I’ve included a closeup here so you can see the glaze effect better now that it’s dried. See how well it stays on the tile and it really looks like a real piece of porcelain or ceramic tile doesn’t it? I also tried to get a shot of one of the small “fill in” pieces I mentioned in Part 1. Sometimes the gaps between tiles are a little too big to just leave, and actually, there are supposed to be gaps in the tiles like this, it makes it all look that much more realistic. So just pop in a small tile, but don’t forget to glaze it when you get to that step. This close up also shows the “grit” in the grout. With this kit you can get such a realistic look of tile mosaic without the heavy weight and thickness ( not to mention all the other tools, etc. you’d need) of real tile mosaic.
So here we go, the grand finale of pictures:
On the back, I decided to use a couple of fairly large pieces. I hadn’t tried doing that before but on this piece, it felt right. I’m glad I did, it looks good, like I had some large pieces of these pretty plates that I wanted to show off more of the overall patterning on. It was a bit more of a challenge applying the glaze on them, but I just went slow and steady to avoid air bubbles.
So as I’ve mentioned previously in both parts of this project’s posts, there’s detailed instructions on using Tim’s product at Distress Paper Mosaic Kit, I just wanted to share a few “helpful hints” that I’ve learned playing with this cool alternative to traditional mosaic work – AND – also encourage others to try alternative IDEAS for applying this mosaic product to items a bit bigger than cards and tags. Don’t be afraid to challenge a products possibilities and your own imagination with something other than the “standard” application these products start out with. Your imagination is your greatest tool – don’t forget to use it! Below, I have added some pics of a couple of other projects I’ve made with this paper mosaic product to give you just a few more ideas:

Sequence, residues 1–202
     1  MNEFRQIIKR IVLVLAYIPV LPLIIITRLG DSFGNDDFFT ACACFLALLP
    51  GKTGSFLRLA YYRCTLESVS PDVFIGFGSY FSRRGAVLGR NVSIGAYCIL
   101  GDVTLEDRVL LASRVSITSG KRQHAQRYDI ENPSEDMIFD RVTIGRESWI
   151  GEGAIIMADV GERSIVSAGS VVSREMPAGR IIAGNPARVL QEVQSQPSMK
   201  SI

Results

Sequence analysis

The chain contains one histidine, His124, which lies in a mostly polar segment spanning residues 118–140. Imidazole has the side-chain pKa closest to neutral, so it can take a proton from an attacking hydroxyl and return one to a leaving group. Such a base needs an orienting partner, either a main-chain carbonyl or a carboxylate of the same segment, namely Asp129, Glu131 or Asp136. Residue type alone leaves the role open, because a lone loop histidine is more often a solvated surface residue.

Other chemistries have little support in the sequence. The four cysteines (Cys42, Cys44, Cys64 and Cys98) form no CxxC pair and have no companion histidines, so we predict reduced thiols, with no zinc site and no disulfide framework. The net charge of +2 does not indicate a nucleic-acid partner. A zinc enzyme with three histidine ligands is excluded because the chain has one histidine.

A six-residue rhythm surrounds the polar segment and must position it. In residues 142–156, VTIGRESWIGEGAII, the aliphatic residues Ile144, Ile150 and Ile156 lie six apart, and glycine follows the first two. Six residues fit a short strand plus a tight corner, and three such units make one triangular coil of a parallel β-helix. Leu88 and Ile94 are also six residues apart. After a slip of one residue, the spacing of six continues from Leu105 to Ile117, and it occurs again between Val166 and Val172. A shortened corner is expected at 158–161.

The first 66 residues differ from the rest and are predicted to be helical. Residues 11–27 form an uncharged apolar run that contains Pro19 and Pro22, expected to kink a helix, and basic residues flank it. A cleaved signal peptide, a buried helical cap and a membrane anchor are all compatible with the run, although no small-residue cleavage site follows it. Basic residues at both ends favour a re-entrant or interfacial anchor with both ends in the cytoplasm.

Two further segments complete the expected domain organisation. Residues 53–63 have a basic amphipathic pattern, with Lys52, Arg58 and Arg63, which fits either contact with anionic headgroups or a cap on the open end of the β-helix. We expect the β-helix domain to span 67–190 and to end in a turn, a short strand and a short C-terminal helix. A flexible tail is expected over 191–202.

This is a 9-drawer chest by Kaisercraft that’s 6½” tall x 5¾” wide x 2½” deep – so pretty small. That’s another great thing about this method, you can work with really tiny pieces of paper (you’d never get this small with real tile). Those tear drop and diamond shapes were done using common paper punches.
I just love how this turned out, it’s so fun with all those bright colors and shiny glass finish. And, I used up a pile of my paper scraps from other projects.
This next one I did a “How To” post on in August of 2016. I just wanted to add a couple of pictures of it here as another example of this paper mosaic technique.
This one started as a doll vanity from Pottery Barn – talk about upcycling! It is covered in really tiny tiles and this baby took quite a while to finish but WOW I was so happy I gave it a try.
Well, another project completed and now listed on my Etsy shop Old Raven. Thanks for coming along for the ride.
Now, craft on.